Sooner or later, you are going to feel unloved. Here’s what to do if you ever do.
Everyone has a favorite subject and it’s not English! It’s themselves. Most people you meet are tuned into W.I.F.M FM otherwise known as ‘what’s in it for me?’
I recently talked with someone who had someone do them a ‘favor’. My friend needed a custom made detail for his new home. One of his friends volunteered to supply the lumber and do the work as long as my friend assisted him. Before the first board was even selected, his friend reminded him how much the lumber would cost to buy and even stated up front that he was expecting some kind of return in the future!
While it’s easy to laugh at this kind of story, we’re all guilty from time to time. While we may not verbalize our thoughts to the people we help, the insinuation is as clear as day.
Now to take this full circle and bring it back to feeling unloved. If you are unloving to others, don’t expect to be loved in return. Unfortunately, that’s the way it works in this world.
I promise, if you haven’t already, you’ll have a season where you expect every one to come knocking on your door. Call it a pity party or whatever else you want. But it will happen. Remember, it’s human nature. But you don’t have to be unprepared when that day comes.
Imagine if you went to work this week and did nothing but sit and wait for pay day. It might work for George Costanza on Seinfeld, but the truth is you’d probably be fired before the week is over. Why? Because you have entered a spoken or unspoken contract with your employer. You will produce a product, and in return you will receive a paycheck.
It’s not a lack of love on your employer’s part, right? It’s because of the contract. You’ve both made an agreement.
The danger of feeling unloved and expecting love is that you stop loving until your needs are met. You see it all the time.
A spouse will go out of their way to meet the needs of their spouse because their needs are being unmet.
An employee stops going the extra mile for their boss because they haven’t received a raise in two years.
Your child stops obeying because their closet door hasn’t shut properly for two years but she watches you keep up on all of your projects.
A friend never calls anymore because they haven’t heard from you in 6 months.
When relationships go South it’s usually because someone’s needs are not being met.
So how do you keep your loved ones from feeling unloved? The truth is sometimes it is very difficult. However, one way is to find out what their needs are and meet them.
Meanwhile, while loving others is a constant job and you’re not always guaranteed success, you can take control of how loved you feel.
The way you do that is to love others, especially the unloveable.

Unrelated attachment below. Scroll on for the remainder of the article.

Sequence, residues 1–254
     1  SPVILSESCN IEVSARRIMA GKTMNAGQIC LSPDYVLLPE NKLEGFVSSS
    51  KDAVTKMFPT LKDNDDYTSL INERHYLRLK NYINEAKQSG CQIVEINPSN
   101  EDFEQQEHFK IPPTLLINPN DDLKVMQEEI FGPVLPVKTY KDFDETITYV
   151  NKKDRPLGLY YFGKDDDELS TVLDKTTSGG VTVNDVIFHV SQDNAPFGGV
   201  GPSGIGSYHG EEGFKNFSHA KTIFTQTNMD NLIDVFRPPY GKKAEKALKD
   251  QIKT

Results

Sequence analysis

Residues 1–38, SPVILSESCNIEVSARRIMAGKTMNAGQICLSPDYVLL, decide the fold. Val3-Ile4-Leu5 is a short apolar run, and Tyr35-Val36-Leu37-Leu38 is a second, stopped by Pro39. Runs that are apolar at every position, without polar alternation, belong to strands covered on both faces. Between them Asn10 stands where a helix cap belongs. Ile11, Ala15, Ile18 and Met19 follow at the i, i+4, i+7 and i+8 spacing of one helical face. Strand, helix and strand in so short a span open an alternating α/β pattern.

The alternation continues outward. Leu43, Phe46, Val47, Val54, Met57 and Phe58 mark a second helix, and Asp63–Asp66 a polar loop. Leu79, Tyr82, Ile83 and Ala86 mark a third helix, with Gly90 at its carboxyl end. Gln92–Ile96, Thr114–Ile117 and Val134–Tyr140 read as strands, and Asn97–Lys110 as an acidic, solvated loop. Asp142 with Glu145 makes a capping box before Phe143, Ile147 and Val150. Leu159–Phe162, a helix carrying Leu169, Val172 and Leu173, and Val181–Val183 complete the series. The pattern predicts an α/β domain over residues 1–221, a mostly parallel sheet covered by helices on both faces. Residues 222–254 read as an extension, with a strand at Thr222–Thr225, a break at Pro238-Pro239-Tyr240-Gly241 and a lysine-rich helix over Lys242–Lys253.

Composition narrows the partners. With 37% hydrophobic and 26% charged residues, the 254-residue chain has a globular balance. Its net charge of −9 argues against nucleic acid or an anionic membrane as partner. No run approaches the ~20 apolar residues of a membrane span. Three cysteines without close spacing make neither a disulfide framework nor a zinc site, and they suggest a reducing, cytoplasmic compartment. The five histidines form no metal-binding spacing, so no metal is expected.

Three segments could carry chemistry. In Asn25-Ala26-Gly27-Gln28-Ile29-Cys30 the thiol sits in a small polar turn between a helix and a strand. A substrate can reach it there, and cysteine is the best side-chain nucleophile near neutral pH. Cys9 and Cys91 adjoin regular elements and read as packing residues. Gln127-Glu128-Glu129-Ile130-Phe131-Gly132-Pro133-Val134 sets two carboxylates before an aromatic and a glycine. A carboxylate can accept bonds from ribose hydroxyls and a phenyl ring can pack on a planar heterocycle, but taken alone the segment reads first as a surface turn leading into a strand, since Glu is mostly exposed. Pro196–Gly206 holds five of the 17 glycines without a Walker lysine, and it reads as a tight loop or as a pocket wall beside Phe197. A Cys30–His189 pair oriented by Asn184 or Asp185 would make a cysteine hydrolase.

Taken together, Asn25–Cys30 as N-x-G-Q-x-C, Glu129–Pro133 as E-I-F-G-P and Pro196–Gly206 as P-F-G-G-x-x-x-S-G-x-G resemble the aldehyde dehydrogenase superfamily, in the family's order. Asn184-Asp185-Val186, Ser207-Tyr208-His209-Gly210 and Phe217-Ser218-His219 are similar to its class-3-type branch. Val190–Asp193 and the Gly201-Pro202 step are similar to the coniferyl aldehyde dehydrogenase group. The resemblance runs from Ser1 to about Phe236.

Now that doesn’t mean you should neglect your own needs. That’s not healthy and it’s a good way to destroy your mind, will and emotions.
Jesus said it this way, “Thou shalt love the Lord thy God with all thy heart, and with all thy soul, and with all thy mind. This is the first and great commandment. And the second is like unto it, Thou shalt love thy neighbor as thyself” Matthew 22:37-40.
Notice the command is simply to love without any kind of payback.
But there’s more. Earlier on, Jesus says, “Give your gifts in private, and your Father who sees everything, will reward you” Matthew 6:4. Does Jesus mean to suggest that if we do something publicly, we’ll lose out on our reward?
Jesus is revealing a simple yet profound truth. We don’t need to hang onto our rights and expect payment if God is our heavenly Father. That’s the way most people respond, especially children, but we don’t need to.
The day we realize just how loved we are, we stop expecting love and simply begin to love more. God pays particular attention to people who depend on him for their own needs and go around looking to meet unmet needs.
However, don’t go out and meet the needs of everyone and their brother if you’re not meeting the needs of those in your closest inner circles.
The people closest to you are in your life for a reason and there is never a good reason to overlook their needs, especially if they appear to be unloveable.
Imagine if everyone was a good neighbor, not just to the people next door, but to the people in the same house!
My grandmother used to always tell us kids that we’d be sorry someday for mistreating our siblings and other family members. How did she know? From her own experience.
While you’re at it, remember that the type of love talked about in the bible is not an emotion. It’s an action. Warm, fuzzy feelings sell a lot of Hallmark cards, but people can’t see how you feel about them until you show them.
So what if instead of trying to be a best friend to everyone in the world, you focused on your family?
It may be in the form of a phone call to let them know you are thinking of them the next time you are working.
It might mean finishing one of the jobs you started on the ‘honey do’ list. Or it may mean starting a job that’s been waiting.
You could start a college fund for your daughter. Don’t wait until you’ve got a lot saved, if you do, you may never start.
Bring home some flowers.
Volunteer to help your son with his homework.
The truth is we all can get so busy trying to save the world that we have no energy for the most important people in our lives. In the meantime, if every one would take care of their own, it’d be a lot nicer world. And if you’re wondering about the people in the world who have no family or friends, always remember God cares a lot more about them than you or I ever will. Should we make it a priority to help them? Absolutely, but not at the expense of those who God has entrusted to our immediate care.
“But those who won’t care for their relatives, especially those in their own household, have denied the true faith. Such people are worse than unbelievers” 1 Timothy 5:8